I was sitting on a bar stool (surprise!) recently, watching my friend Michael J mix drinks, play trumpet, sing and successfully wheedle paper money into the musicians' tip jar. I ask the gentleman next to me, a trained therapist who has returned to school to study bureaucracy, whether he thinks such self-confidence can be learned later in life or is something, like good hygiene, that has to be instilled in childhood.
He replies that he's just taken a class dealing with the subject of charisma. Charisma, I return, is stronger than self-confidence - sometimes too strong. Charisma conjures up images of cult leaders and "Let's all drink the Kool-Aid." As a matter of fact, Jim Jones was mentioned in his class. So I don't need to get a degree, but I still want to know where healthy chutzpah comes from.
As coincidence would have it, the very next day I see a poster advertising a seminar/workshop at New Acropolis titled The 7 Keys Of Self-Confidence. The promo reads, "Self-Confidence. Bad news: self-confidence is not innate; we are not born with it. Good news: self-confidence is not innate; we are not born with it - we develop it day after day!"
Several blocks north of Eglinton, off Yonge, is a house whose upstairs serves as office space for an insurance broker and downstairs houses the Toronto branch of the New Acropolis School of Philosophy in the classical tradition. New Acropolis is a registered non-profit organization with outlets in 40 countries.
Open-minded, but with a terrible tendency toward accurate predictions, I walk into exactly the atmosphere I expected. It's reminiscent of a Raelian meeting, with Cirque du Soleil-style New Age soundtrack and some kind of incense or perfume spray that immediately begins to clog my airways.
I pay my $15 and take a seat in a tiny, low-ceilinged living room. On an easel stands a newsprint pad on which someone has printed, "From Shying To Shining." The metal-backed chairs are impressively uncomfortable. It's a living room - couldn't we just sit on couches? But that would be too cozy for something called a seminar/workshop.
I ruminate for a while on the posters on the wall. "Attitude. The people who get on in this world are the people who get up and look for the circumstances they want and, if they can't find them, make them." This aggressively can-do 'tude is illustrated by a lone kayaker heading straight down a dangerous-looking waterfall. Geese flying into the sunset promote the power of teamwork.
People are filtering in, a couple, a pair of friends, three people not together but all dressed in black. Finally, we're a mixed bag of 14. Frangoise Soria introduces herself. Originally from France, she's been with the New Acropolis for 13 years. She's wearing a spangly-edged skirt that I can't help associating with a player of the tambourine. Her accent is a bit thick, and it takes a second to recognize words.
She begins by asking, "What is self -confidence?" She writes down the answers offered by my classmates. Their answers are all good. "Feeling you are able to achieve your goals." "Believing in yourself." "Can you put, like, positivity?" "Courage." "Self-mastery." You'd never guess there was a shrinking violet in the room the way this bunch pipe up.
The tissue I get from the bathroom seems laden with something that's making me worse, so I quietly snuffle into my sodden hanky as Mlle. Soria lists the barriers to self-confidence. But, on the up side, a self-defeating attitude might just save you from taking crazy risks in a kayak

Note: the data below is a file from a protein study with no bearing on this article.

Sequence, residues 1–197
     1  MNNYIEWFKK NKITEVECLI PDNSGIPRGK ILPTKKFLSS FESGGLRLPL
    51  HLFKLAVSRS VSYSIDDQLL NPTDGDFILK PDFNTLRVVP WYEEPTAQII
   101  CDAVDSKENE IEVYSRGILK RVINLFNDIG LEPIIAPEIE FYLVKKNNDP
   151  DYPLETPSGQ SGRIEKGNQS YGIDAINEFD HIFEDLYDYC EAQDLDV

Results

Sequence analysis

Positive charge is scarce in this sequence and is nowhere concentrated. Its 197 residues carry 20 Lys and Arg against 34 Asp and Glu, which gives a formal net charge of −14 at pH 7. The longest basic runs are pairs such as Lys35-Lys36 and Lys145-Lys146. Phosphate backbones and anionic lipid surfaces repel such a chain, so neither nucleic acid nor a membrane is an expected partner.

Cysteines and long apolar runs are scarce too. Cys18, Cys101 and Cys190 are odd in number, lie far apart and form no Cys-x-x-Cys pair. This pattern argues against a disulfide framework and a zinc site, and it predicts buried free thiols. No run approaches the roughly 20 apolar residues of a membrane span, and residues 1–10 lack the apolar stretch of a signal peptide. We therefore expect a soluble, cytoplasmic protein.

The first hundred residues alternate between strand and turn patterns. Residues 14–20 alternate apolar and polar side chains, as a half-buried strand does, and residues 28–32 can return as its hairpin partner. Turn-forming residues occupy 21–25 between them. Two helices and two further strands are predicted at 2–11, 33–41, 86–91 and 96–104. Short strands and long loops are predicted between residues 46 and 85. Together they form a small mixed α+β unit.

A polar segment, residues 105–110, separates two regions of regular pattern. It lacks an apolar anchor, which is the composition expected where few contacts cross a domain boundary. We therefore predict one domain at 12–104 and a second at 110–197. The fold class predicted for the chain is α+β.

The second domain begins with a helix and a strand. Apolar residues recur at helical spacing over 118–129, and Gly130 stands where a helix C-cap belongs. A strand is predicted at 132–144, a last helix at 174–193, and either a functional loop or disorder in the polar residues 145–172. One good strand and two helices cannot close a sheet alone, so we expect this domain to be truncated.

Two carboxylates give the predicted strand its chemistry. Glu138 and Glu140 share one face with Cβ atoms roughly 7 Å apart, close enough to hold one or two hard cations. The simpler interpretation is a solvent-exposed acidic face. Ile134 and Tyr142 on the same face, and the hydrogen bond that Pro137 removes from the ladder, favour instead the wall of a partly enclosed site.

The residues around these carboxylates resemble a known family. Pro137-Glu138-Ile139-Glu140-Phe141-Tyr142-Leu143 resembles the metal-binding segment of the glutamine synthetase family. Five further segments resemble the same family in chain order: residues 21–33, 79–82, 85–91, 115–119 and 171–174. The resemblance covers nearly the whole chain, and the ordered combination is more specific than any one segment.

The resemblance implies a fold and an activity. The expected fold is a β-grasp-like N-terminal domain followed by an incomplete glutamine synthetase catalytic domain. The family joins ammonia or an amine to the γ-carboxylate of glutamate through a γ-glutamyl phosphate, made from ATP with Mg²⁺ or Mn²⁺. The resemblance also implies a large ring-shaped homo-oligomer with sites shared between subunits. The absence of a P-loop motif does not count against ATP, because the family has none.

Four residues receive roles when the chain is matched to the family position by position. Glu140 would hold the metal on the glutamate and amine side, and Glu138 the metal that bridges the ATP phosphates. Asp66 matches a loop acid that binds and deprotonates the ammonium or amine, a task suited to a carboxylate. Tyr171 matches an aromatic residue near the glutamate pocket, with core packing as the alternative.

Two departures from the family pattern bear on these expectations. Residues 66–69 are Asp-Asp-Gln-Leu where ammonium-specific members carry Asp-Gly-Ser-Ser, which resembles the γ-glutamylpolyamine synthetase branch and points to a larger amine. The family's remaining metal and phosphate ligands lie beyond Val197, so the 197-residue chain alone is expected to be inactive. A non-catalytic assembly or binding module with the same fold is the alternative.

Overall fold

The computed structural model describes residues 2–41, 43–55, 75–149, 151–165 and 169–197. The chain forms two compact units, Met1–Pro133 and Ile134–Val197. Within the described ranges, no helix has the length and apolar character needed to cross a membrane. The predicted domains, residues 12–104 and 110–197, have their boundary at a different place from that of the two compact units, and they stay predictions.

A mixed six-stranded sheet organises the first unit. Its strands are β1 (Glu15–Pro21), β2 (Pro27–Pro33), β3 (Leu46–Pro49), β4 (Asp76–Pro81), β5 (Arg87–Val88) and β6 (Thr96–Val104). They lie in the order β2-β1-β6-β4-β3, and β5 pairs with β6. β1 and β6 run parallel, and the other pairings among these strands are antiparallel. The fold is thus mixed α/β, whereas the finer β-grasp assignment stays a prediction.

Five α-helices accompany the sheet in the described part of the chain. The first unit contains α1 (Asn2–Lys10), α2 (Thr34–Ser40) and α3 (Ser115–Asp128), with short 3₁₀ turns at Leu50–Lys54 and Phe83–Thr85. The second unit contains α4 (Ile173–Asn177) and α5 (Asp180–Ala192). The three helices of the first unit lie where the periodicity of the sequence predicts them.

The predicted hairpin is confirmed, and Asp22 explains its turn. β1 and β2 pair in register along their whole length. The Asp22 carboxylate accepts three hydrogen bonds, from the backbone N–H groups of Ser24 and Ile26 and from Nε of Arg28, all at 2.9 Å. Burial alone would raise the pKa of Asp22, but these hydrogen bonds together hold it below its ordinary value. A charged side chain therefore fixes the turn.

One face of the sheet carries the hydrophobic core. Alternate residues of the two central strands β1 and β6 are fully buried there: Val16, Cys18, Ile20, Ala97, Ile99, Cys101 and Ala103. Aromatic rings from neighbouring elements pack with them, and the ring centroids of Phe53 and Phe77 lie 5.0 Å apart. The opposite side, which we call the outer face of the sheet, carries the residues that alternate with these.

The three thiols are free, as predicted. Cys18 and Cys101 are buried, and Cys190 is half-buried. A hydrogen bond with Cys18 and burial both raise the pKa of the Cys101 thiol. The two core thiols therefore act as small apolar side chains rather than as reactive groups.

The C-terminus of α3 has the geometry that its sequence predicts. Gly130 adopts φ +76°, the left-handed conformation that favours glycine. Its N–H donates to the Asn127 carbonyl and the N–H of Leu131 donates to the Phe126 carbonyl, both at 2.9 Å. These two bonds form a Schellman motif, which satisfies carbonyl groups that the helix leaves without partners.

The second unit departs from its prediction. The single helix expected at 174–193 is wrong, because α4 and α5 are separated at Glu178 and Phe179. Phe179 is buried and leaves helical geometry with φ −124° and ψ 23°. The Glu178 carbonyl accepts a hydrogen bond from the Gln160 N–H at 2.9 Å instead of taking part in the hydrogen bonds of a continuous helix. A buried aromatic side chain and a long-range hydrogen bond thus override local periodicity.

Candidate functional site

I was worried we might have to do confidence-building exercises like addressing each other or talking about ourselves. Now I kind of wish we would. There's only so much palaver anyone can absorb. The group wilt must be obvious - our instructor asks, "How are you feeling? About to fall asleep?"
A man in a suit sells refreshments during the break. I browse a 2001 calendar of NA events, printed in Spain. I particularly like a slogan from El Salvador, "More philosophy, less Valium," although I doubt it's meant as a comment on the soporific nature of philosophical lectures. "It's not expensive!" exclaims the sexy York philosophy student of the $240 fee for the 12-week Philosophy Of East And West course.
It's time to reconvene, and by now I'm sneezing. I have never been much good with metaphors, and the one our teacher is using that opposes fog to clarity is no exception. Isn't fog more of a challenge, a mystery? I mean literal fog - anything to romanticize ugly Toronto. "If the sun is not shining outside, I am going to make it shine inside." I like rainy days.
The talk is chock-full of good things about living with integrity and purpose. We need to cultivate the "active patience" of nature. Ah, that's it, nature, the only teacher. Didn't old-time philosophos hold their sessions out of doors? Invigorating, stimulating, and here in Canada there would be the bonus of a time limitation due to cold.
On the way back down Yonge, I pick up the Learning Annex catalogue, jampacked with healers and sellers all promising self-confidence through power learning and real estate profiteering. I pass a woman from the workshop. She's gazing into a window display of shoes. I don't ask what she thought of the night. Is it because I don't want to interrupt her footwear fantasies? Am I too shy? The answer is more mundane. I have to retrace my steps to look for the subway ticket I lost on the street.
I try to think positively. "I will find that ticket!" I don't. Even the smallest efforts at confidence can do with some help from the fickle hand of fate.